Basically, bankruptcy is a legal process where individuals, families and businesses (typically called “debtors”) can seek to gain some relief from the various debts that they owe to creditors. Approximately 1 million individuals, families and businesses file for bankruptcy protection every year.
The main goal of our bankruptcy system is to provide relief to debtors in the form of a “fresh start” or a second chance. Another goal of the bankruptcy system is to provide an orderly payout to creditors. Prior to having an organized bankruptcy system, creditors would be paid out on a first come-first serve basis. When a person or business was in financial duress, the creditors would “race to the courthouse” to try and get paid first and that system created chaos.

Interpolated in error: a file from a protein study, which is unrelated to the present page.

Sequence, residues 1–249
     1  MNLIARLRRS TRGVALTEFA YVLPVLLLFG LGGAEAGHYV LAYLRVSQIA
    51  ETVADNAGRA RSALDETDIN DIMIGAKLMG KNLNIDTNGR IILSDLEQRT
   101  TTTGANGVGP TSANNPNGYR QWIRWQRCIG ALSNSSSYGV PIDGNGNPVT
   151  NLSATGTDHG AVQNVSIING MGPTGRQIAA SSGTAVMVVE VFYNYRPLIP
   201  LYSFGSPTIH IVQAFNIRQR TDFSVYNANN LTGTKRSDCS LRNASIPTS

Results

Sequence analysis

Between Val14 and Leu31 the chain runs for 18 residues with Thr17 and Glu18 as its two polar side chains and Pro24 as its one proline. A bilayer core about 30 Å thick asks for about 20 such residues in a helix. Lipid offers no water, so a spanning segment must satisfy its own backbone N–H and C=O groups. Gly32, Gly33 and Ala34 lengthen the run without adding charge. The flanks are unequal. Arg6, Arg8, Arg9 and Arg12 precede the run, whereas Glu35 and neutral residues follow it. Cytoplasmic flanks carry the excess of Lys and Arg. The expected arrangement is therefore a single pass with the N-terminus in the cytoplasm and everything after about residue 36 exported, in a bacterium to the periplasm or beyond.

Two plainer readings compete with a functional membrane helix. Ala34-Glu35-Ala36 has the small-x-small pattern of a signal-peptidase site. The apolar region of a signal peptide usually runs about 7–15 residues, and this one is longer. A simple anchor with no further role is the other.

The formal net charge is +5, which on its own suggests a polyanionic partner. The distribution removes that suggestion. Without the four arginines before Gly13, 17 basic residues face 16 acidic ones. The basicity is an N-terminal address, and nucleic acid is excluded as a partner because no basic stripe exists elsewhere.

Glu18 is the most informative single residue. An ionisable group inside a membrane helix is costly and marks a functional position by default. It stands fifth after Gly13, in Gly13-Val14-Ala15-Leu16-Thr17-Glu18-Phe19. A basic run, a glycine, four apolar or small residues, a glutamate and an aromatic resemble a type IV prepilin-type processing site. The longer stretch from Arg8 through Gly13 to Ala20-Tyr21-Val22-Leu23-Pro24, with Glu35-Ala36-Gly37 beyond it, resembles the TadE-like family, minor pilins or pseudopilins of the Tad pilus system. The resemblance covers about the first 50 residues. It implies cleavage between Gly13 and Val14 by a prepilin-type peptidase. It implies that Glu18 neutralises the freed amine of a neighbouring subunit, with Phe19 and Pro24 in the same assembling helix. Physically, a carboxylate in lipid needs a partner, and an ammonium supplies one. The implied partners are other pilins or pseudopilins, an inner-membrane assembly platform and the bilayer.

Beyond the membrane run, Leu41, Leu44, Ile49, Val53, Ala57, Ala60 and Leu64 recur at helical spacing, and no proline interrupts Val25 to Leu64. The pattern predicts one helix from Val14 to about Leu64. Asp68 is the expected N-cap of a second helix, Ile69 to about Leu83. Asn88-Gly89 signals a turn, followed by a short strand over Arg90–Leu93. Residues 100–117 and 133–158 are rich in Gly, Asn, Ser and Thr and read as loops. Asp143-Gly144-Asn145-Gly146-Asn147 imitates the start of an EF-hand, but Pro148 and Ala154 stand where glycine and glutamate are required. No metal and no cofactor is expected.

So, bankruptcy is a legal process (federal law in the US) that really is designed to have two purposes: a fresh start for debtors and equity (or fairness) among creditors. In most consumer bankruptcy cases (by far the highest percentage of cases filed vs. business cases), it really is the fresh start that’s the focus of the case because there isn’t much of a payout (if any) to creditors.